Zero tolerance for terror. Zero accomplishments. Zero achievements for people using terror.

BLITZER: They're saying this is retaliation for the targeted killing by Israel in that airstrike of the Hamas military commander.

BARKAT: Well, unlike the indiscriminate fire of rockets and missiles, Israel targets the people responsible.

I think is a fundamentally different philosophy. We will do everything maximum we can not to hit civilians and people that are innocent. They do the maximum to hit people that have nothing to do with this that are totally out of this picture.

And I think it shows you the difference between the values of Israel, targeting people, doing everything not to hit civilians, and what they are doing. It's 180 degrees one from the other.

BLITZER: In addition to the airstrikes, the strikes from the sea, do you believe Israel is now poised to launch an invasion of Gaza?

BARKAT: Well, I think that Prime Minister Netanyahu and the Israeli government are very responsible. Enough is enough. They understand that we got to get rid of this whole rocket attacks on Israel on innocent people. And whatever it takes, that's what Israel's going to do.

And when the Hamas leaders will understand that using terror against Israel will get them zero, zero accomplishments and achievements and, if anything, they will hunt them down wherever they are, hopefully they'll get -- their sense will come back and they will not use terror at any time against Israelis.

BLITZER: Is your city, Jerusalem, prepared for strikes, rocket or missile attacks?

BARKAT: Indeed I think al Israel is prepared. We all understand that the terrorists have tried to terrorize us. Practically, every city in Israel in one way, shape or form, could be a target for missiles. I think that Israeli public in general, the center and, of course, the south are acting very responsibly, with lots of spine and patience.

And we are enabling the government and Israeli army to take action. We're giving them the backup they need. And I believe in the government and Israeli army that will eventually cut these people short and stop the violence against us.

BLITZER: I want you to listen to what former Senator George Mitchell who was the U.S. envoy during the Obama administration who tried to get Israeli/Palestinian peace talks off the ground. That didn't happen. What he told us earlier in the day. Listen to this.

(BEGIN VIDEO CLIP) GEORGE MITCHELL, FORMER U.S. SPECIAL ENVOY: What's happened in the past is when the damage gets so great, one side or the other, pulls back and stops. Or when the possibility of a much wider conflict emerges, people tend to stop. I think the problem is that you just keep the cycle going unless you address the root causes. And that is getting the parties into negotiations to try to resolve the underlying conflict.

(END VIDEO CLIP)

BLITZER: All right. What do you think? You agree with him?

BARKAT: Well, there are some Palestinians that are willing to talk -- but not to Hamas. The Hamas believe in their charters the destruction of Israel. And they will use the people that do want to speak from the Palestinians to get any accomplishment they can and use their terror and their viciousness to try and wipe us off the map.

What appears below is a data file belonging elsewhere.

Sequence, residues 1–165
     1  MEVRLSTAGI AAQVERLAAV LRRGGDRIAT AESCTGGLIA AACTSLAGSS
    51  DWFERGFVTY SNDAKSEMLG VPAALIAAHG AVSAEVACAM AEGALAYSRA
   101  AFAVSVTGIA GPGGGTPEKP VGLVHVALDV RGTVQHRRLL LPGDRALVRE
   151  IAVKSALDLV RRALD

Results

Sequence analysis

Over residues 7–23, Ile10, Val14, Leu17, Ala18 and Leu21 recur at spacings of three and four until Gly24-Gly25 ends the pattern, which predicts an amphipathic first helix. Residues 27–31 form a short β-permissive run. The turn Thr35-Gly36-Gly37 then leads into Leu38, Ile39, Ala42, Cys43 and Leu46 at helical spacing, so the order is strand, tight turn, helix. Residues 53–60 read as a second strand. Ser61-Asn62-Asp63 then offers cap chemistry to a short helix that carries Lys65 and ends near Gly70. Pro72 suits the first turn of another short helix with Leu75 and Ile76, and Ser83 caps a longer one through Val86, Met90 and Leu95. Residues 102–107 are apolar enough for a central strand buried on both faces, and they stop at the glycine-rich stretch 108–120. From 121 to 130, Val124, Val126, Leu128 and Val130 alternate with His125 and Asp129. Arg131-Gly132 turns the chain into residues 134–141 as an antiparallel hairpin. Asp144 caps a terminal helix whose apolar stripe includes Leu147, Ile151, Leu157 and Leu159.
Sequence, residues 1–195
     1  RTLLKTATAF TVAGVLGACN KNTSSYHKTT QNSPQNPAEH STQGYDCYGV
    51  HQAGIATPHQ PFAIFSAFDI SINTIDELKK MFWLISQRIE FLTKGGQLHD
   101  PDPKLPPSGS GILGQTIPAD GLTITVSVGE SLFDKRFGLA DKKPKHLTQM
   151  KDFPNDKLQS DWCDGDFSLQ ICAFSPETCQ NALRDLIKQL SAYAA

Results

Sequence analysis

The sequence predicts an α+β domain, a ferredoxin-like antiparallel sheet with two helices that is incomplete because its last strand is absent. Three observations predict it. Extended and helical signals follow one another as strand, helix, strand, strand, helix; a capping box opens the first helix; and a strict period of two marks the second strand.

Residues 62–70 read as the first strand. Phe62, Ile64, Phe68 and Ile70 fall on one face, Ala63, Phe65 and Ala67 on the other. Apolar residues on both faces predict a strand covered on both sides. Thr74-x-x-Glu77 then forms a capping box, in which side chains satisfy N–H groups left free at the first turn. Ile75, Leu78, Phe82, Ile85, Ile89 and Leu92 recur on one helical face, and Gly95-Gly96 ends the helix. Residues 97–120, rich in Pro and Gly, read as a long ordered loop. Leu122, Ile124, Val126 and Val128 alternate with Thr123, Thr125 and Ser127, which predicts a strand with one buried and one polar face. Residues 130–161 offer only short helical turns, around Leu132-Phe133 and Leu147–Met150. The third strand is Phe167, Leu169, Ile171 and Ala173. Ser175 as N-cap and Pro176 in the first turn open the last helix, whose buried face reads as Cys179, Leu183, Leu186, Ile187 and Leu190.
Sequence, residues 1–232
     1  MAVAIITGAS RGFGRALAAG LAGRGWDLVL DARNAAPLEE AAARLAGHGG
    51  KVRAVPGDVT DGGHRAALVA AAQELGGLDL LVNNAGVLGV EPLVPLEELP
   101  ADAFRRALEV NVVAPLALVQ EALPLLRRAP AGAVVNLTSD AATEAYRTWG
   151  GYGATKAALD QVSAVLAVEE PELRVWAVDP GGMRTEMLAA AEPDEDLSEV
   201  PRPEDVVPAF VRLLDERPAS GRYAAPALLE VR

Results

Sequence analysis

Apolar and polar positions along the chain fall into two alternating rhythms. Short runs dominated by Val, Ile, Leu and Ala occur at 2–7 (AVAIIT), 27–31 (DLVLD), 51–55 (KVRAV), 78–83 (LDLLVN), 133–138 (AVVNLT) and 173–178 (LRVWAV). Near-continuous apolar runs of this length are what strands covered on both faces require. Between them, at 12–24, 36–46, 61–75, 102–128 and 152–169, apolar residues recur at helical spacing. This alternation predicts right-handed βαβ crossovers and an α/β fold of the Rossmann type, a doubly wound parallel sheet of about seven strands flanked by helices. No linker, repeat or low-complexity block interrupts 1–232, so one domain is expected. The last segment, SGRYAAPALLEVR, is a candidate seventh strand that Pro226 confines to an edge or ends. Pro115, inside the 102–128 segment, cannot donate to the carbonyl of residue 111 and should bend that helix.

These are not people you can speak to. They -- unfortunately, they're using force and try to achieve and get accomplishments through force. And these people have to be very, very clearly addressed. Zero tolerance. Zero accomplishments to the people terrorizing Israel.

BLITZER: One final question, do you expect a full-scale war in the days ahead?

BARKAT: I think Israel's prepared to do that if necessary. And I recommend the other side to think twice as to how they want to continue this crisis. Israel will do whatever it takes and I trust my government and Benjamin Netanyahu to do the right thing.

BLITZER: The mayor of Jerusalem, Nir Barkat -- Mr. Mayor, thanks very much for coming in.

BARKAT: Thank you.

BLITZER: Later, we're going to get a different perspective from the Palestinian representative here in Washington, Maen Areikat. He's standing by. He'll speak with me as well.

We'll talk about the danger that fighting between Israel and Hamas will spread, including unrest in Syria, concerns about Iran. How quickly could things get completely out of control, among other?

CNN's Fareed Zakaria, he'll speak with us as well.

(COMMERCIAL BREAK)

BLITZER: Jerusalem and Tel Aviv targeted by rocket fire, bombs falling in Gaza at the same time.

George Mitchell is the former special envoy for the Obama administration for the Middle East peace process. Take a listen to what he said earlier on CNN about a potential all-out war in the region.

(BEGIN VIDEO CLIP)

MITCHELL: And the danger now is that if it is, it could spread. Not just the damage to Israelis and Palestinians, but if you had a conflict that spreads throughout the region, it could be hugely destabilizing and costly to everyone involved.

(END VIDEO CLIP)

BLITZER: Fareed Zakaria is joining us now. He's the host of CNN's "FAREED ZAKARIA GPS".